The City Our Eyes Cannot See


I love “found poetry” for the unexpected connections it forces the poet to make. When I occasionally attempt to craft such offerings myself, I lean heavily on the variation of the genre pioneered by Annie Dillard in her beautiful, droll, and surprising collection of found poems Mornings Like This. The basic idea is that one selects a source text (the more obscure or unexpected the better) from which to selectively cull and rearrange phrases to create an altogether new piece that—assembled like Frankenstein’s monster from cast-off parts—takes on an unexpected life and meaning of its own. On a technical note, punctuation is entirely malleable.

The City Our Eyes Cannot See
(From the Washington DC Official Visitors Guide, Fall/Winter 2014-2015)

Under the white dome, senators (one born in each year) meet to shape the
black granite walls and the beautiful cherry trees. Across the street, where
President Lincoln breathed his last breath, you’ll find yourself dreamily
following him, mesmerized by his tales of snow-lovers who have died in battle:

We are in the heart of one wounded soldier, surrounded by quiet woods and
gardens. And if the bells chime, you can see the stars even during the day.

When the sun goes down, the singing and the silence will lead you to uncover
hidden secrets that only locals know: outposts to the north, a moonlight glide across
the ice, gilded mirrors, Italian marble fireplaces and crystal chandeliers, private nooks
and cozy corner tables, a waterfall, and plenty of open space. There are more than thirty

two secret doors that whisper home. But don’t be fooled. The ghosts of Christmas past
would agree: Doors close quickly and can separate you from your party and the dream

of realities.

Doug participated in the early work of Charlie Peacock’s Art House Foundation, an organization dedicated to a shared exploration of faith and the arts. In the decades since, he has worked as an author, song lyricist, scriptwriter, and video director. He has penned more than 350 lyrics recorded by a variety of artists including Switchfoot, Kenny Rogers, Sanctus Real, and Jason Gray. His newest book is Every Moment Holy (Rabbit Room Press). His other works include The Angel Knew Papa and the Dog (illustrated by Zach Franzen), The Wishes of the Fish King (illustrated by Jamin Still), Subjects with Objects (with Jonathan Richter), and Stories We Shared: A Family Book Journal (with Jamin Still).


  1. Kristen P.

    DC is my current home, and so much of this resonated with me. There are indeed secrets that only the locals know – in fact, the “gilded mirrors, Italian marble fireplaces and crystal chandeliers, private nooks and cozy corner tables, a waterfall, and plenty of open space” can all be found in one oft-overlooked gem in the heart of the city: The National Portrait Gallery.

    Thank you for finding beauty in my city.

  2. Peter B

    Man, I think I’ve done that without realizing.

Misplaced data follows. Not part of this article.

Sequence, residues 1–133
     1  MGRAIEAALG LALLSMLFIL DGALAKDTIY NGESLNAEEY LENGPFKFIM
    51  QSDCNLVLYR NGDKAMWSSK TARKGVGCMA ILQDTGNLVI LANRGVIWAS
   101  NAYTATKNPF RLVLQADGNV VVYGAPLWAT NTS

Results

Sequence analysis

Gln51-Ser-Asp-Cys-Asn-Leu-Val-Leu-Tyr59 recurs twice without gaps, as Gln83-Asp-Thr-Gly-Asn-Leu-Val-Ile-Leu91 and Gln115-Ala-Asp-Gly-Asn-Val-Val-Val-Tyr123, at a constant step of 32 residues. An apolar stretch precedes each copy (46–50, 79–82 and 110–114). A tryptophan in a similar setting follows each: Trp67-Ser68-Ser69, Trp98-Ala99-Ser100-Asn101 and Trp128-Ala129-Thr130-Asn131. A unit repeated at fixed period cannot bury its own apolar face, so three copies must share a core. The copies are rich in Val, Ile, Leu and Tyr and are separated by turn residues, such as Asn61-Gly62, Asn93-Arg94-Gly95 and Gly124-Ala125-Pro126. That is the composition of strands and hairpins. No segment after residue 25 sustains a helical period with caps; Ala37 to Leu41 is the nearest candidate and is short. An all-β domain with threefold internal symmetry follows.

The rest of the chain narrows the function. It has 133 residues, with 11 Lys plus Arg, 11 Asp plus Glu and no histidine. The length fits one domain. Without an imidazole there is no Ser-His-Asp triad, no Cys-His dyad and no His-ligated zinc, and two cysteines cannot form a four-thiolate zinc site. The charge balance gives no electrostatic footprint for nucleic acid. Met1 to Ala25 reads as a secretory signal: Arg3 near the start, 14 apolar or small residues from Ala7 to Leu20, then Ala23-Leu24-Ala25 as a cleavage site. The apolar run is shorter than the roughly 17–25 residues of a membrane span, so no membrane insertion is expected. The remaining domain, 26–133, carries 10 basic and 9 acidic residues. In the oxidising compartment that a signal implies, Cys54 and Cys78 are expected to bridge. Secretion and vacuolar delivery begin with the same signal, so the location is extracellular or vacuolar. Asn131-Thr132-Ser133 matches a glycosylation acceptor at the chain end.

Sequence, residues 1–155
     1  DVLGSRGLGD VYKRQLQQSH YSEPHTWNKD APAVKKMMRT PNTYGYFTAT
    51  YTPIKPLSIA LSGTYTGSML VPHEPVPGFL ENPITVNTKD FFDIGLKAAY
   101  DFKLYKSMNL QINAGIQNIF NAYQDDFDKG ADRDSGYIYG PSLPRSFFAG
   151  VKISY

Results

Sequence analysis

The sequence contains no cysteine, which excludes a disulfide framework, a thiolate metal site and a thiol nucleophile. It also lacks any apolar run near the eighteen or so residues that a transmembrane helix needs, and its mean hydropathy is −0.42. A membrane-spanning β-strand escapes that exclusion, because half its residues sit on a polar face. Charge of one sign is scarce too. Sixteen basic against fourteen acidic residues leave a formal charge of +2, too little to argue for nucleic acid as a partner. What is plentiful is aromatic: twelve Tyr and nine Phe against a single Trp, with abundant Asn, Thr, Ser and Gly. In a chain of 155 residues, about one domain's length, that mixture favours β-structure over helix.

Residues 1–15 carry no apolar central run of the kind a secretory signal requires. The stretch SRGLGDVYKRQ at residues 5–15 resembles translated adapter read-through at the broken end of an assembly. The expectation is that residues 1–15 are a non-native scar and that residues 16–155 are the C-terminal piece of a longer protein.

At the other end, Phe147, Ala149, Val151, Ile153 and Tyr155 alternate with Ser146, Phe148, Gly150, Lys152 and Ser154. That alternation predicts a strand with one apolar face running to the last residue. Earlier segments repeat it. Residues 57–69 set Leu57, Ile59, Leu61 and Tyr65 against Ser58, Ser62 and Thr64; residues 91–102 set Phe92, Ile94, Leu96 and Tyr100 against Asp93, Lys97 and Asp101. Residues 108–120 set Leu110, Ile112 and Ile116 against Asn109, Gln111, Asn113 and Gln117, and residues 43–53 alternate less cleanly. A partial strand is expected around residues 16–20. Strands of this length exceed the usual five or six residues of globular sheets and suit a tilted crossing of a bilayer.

Not brilliant like this, but it’s comforting to think this patchwork beast has a name.

  3. DougMc

    Kristen–I took my family to DC for a week in December and we exhausted ourselves visiting as many of the sites as we could fit in, but never made it to the National Portrait Gallery. We’ll have to put that on the list for a future trip. It is a beautiful city and we all enjoyed the adventure.

    With the found poem it was my hope was to start with the visible city and move through it into another sort of city not so easily seen. I suppose the poem owes something to the mythic vision of Mark Helprin’s “Winter’s Tale,” though I only just now made that connection after reading your post. Thanks for the comment.

  4. DougMc

    Peter–Now you’ve made me curious to know in what form and context you created found poetry without realizing it was a named sub-genre. Would you mind elaborating? Or even sharing a piece? When I’ve taught high school creative writing classes, I’ve always had them create a found poem, and for whatever reason, it tends to yield some of their best offerings. I’ve decided it’s because of the way it forces them to make those more abstract connections between thoughts and images than they might when writing in their own words, but hey, what do I know?

    Also, if you enjoy this sort of thing you might check the Rabbit Room used books to see if you can snag a copy of Dillard’s “Mornings Like This.” I think I spotted one on their shelves some time back. For one thing, it’s Dillard, and for another thing, it’s Dillard at her most experimental.

  5. Tom Murphy

    Doug – You just opened my world to creating poetry. Never knew this was a sub-genre.

    At a Laity Lodge retreat last year with Sally and Max McLean, the activity was to do the same, but visually with images from scraps of magazine.

    Thanks for writing bud…

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